Sarīsṛpa (सरीसृप).—i.e/ sarīsṛp ([frequentative.] of sṛp), + a, m. A snake.Source: Cologne Digital Sanskrit Dictionaries: Cappeller Sanskrit-English Dictionary
Sarīsṛpa (सरीसृप).—[adjective] crawling, creeping; [masculine] [neuter] a creeping animal.Source: Cologne Digital Sanskrit Dictionaries: Monier-Williams Sanskrit-English Dictionary
1) Sarīsṛpa (सरीसृप):—[from sarī-sṛp] mfn. crawling, creeping
2) [v.s. ...] mn. (ifc. f(ā). ) a creeping animal, reptile, snake, [Ṛg-veda] etc., etc.
3) [v.s. ...] m. Name of Viṣṇu, [cf. Lexicographers, esp. such as amarasiṃha, halāyudha, hemacandra, etc.]
[Sanskrit to German] (Deutsch Wörterbuch)Source: Cologne Digital Sanskrit Dictionaries: Böhtlingk and Roth Grosses Petersburger Wörterbuch
Sarīsṛpa (सरीसृप):—(vom intens. von sarp)
1) adj. schleichend, kriechend; m. und n. (dieses in der älteren Sprache) ein kriechendes Thier [Amarakoṣa 1, 2, 1, 7.] [Hemacandra’s Abhidhānacintāmaṇi 1303.] [Halāyudha 3, 18.] [Ṛgveda 10, 162, 3.] [Atharvavedasaṃhitā 3, 10, 6. 19, 7, 1. 48, 3.] sarīsṛpaṃ sthāṇu yadatra dṛśyate [Bhāgavatapurāṇa 5, 18, 27.] [Vājasaneyisaṃhitā 22, 29.] [The Śatapathabrāhmaṇa 1, 5, 3, 11. 2, 5, 1, 2. 4, 1, 3, 16.] [Yāska’s Nirukta 13, 9.] [Mahābhārata 1, 3587. 7, 1320.] [Rāmāyaṇa 1, 13, 32 (31 Gorresio). 2, 25, 16 (32 Gorresio). 28, 19 (10 Gorresio). 4, 59, 15. 5, 34, 17.] khagasarpasarīsṛpaprabhṛtayaḥ [Suśruta 1, 4, 21.] sevante yadi sarīsṛpāstṛṇāgrāṇi [Varāhamihira’s Bṛhajjātaka S. 28, 13. 70, 22.] śeṣādikīṭāntāḥ sarīsṛpāḥ [Sânkhya Philosophy 45.] [Bhāgavatapurāṇa 2, 6, 12. 10, 39. 5, 20, 46.] am Ende eines adj. comp. (f. ā) [Mahābhārata 3, 49. 12542. 7, 896. 12, 9050. 14, 764.] [Harivaṃśa 15438.] [Mārkāṇḍeyapurāṇa 39, 49.] —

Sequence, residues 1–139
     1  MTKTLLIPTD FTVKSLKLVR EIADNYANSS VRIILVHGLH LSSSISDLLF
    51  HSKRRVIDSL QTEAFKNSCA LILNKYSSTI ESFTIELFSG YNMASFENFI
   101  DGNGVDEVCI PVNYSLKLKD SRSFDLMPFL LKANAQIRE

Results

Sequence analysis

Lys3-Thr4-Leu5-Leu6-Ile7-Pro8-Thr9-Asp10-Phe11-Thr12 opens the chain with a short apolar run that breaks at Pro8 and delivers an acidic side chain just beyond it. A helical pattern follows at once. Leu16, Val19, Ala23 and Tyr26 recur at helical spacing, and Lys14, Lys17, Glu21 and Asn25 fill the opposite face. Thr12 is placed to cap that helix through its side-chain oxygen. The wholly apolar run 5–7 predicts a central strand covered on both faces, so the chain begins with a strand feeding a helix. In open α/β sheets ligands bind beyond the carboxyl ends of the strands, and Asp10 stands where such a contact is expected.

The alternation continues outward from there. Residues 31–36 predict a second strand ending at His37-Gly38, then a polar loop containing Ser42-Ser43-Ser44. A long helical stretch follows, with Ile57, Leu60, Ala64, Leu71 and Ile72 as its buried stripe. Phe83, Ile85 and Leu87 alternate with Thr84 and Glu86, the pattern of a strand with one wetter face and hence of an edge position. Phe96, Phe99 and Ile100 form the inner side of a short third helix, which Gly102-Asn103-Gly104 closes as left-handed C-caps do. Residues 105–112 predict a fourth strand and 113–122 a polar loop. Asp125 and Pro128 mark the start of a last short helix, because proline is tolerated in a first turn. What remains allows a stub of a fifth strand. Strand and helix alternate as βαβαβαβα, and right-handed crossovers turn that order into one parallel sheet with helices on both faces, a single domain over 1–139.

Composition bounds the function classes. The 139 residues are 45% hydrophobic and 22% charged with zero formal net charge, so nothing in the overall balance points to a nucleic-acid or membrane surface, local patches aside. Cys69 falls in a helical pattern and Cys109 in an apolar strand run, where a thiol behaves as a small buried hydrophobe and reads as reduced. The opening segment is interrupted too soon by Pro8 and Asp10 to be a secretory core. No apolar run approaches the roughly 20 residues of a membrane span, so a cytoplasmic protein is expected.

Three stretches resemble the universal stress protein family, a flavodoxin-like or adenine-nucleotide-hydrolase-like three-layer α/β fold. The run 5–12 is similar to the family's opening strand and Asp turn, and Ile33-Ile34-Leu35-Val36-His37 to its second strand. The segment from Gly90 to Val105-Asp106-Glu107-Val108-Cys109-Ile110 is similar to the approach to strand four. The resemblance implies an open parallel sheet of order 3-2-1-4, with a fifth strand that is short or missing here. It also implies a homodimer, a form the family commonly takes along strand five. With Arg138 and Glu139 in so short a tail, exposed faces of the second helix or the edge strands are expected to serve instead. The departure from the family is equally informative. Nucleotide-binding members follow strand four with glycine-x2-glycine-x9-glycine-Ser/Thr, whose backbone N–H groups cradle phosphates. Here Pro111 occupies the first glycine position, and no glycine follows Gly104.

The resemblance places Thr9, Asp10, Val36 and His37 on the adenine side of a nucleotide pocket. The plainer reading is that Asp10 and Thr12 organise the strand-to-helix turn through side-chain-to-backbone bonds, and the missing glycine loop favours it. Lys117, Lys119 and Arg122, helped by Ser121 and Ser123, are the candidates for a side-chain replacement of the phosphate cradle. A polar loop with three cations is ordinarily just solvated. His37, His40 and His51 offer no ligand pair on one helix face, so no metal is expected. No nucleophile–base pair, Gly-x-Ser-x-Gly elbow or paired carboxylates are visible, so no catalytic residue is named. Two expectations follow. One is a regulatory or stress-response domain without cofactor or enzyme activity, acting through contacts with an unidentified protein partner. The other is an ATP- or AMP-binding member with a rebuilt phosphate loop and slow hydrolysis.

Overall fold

2) m. ein N. Viṣṇu’s [Hemacandra’s Abhidhānacintāmaṇi 72.]
Sanskrit, also spelled संस्कृतम् (saṃskṛtam), is an ancient language of India commonly seen as the grandmother of the Indo-European language family (even English!). Closely allied with Prakrit and Pali, Sanskrit is more exhaustive in both grammar and terms and has the most extensive collection of literature in the world, greatly surpassing its sister-languages Greek and Latin.
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Vedic influence on the Sun-worship in the Puranas (by Goswami Mitali)
Part 3 - Sūrya, the Creator, the Preserver and the Destroyer < [Chapter 4 - Vedic Influence on the Sun-Worship in the Purāṇas]